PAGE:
– September 2, 2019

There are features of the Trump trade war that make it distinct. 

It is not usual for protectionism to be mostly focussed on harming a single country or multiple particular countries. The historical pattern is to tax imports from any country. The last time the US tried this country-targeting tariff tactic was in 1807, and it led to the War of 1812 and the burning of the White House. 

Another feature is that protectionism is usually pushed by agricultural and industrial monopolists who are trying to fend off foreign competition. In this case, Trump’s tariffs have not enjoyed the support of any substantial domestic producers; in fact, it’s been the opposite. Car manufacturers, farmers, and energy companies have all been vocally opposed. This is because global trade is essential to production today in all countries to a greater degree than at any time in history. 

A third feature that is distinct is that the ill-effects have manifested themselves so rapidly, in the form of stalled financials, higher prices for everyone, and a substantial loss in export markets.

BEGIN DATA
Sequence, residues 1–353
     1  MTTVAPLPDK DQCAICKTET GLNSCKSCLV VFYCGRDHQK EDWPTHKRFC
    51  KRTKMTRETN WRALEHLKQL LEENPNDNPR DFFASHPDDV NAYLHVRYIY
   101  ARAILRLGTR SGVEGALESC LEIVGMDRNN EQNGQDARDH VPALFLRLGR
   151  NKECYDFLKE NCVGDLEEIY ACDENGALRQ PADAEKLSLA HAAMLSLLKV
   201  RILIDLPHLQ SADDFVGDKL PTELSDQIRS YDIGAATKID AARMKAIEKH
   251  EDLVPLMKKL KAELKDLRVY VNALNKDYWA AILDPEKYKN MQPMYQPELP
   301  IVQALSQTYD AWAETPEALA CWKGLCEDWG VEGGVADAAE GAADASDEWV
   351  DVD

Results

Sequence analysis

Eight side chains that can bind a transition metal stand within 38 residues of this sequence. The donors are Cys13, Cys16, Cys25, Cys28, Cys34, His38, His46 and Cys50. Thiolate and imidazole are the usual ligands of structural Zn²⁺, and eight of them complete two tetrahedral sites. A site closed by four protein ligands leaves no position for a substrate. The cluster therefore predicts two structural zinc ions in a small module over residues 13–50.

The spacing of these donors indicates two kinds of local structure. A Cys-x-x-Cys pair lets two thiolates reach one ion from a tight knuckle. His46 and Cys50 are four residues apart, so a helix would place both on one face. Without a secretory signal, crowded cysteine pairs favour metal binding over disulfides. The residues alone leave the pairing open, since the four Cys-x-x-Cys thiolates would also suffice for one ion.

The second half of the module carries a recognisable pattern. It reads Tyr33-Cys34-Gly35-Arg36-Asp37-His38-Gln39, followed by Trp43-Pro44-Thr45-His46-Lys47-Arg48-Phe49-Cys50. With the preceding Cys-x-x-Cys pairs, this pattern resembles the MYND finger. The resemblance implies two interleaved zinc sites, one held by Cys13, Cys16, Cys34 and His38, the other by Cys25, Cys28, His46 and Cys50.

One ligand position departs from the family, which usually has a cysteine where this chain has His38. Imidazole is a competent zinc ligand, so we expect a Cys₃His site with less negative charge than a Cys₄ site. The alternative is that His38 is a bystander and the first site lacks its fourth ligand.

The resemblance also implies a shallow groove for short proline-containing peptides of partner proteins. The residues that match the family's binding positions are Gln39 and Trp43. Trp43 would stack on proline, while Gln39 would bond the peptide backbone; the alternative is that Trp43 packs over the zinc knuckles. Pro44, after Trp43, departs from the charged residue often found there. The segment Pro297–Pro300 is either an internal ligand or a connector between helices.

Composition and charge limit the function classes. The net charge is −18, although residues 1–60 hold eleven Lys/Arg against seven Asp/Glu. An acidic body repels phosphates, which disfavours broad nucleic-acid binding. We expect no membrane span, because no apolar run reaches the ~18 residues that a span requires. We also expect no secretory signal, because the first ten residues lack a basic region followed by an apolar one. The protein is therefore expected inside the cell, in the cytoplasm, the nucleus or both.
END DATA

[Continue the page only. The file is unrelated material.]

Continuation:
But one thing that this trade war has in common with all from the past: it has unleashed forces that are contrary to the stated intentions of the warriors themselves. Not one of Trump’s promises about how this would be easy to win, how it would bring back manufacturing, how it would boost production, and so on, have come true; the opposite has happened. At this point, the reality is obvious to anyone…anyone but the person who launched this disaster. 

What the precise results of protectionism will be is often made unpredictable simply because of the complexity of international commerce and the seeming randomness of downstream effects of taxes against trade. This is a major reason why economic historians are so spooked by these arrogant, aggressive, and arbitrary impositions on commerce. They disturb prosperity and they upset the peace. They can even lead to domestic and international violence.